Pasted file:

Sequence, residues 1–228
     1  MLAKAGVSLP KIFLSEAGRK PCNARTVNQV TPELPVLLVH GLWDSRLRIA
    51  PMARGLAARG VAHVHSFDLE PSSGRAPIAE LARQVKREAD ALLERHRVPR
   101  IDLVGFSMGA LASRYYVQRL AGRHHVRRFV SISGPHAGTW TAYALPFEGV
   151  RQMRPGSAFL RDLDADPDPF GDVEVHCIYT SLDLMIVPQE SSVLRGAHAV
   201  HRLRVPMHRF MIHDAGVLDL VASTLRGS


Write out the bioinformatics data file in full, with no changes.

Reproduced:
Sequence, residues 1–228
     1  MLAKAGVSLP KIFLSEAGRK PCNARTVNQV TPELPVLLVH GLWDSRLRIA
    51  PMARGLAARG VAHVHSFDLE PSSGRAPIAE LARQVKREAD ALLERHRVPR
   101  IDLVGFSMGA LASRYYVQRL AGRHHVRRFV SISGPHAGTW TAYALPFEGV
   151  RQMRPGSAFL RDLDADPDPF GDVEVHCIYT SLDLMIVPQE SSVLRGAHAV
   201  HRLRVPMHRF MIHDAGVLDL VASTLRGS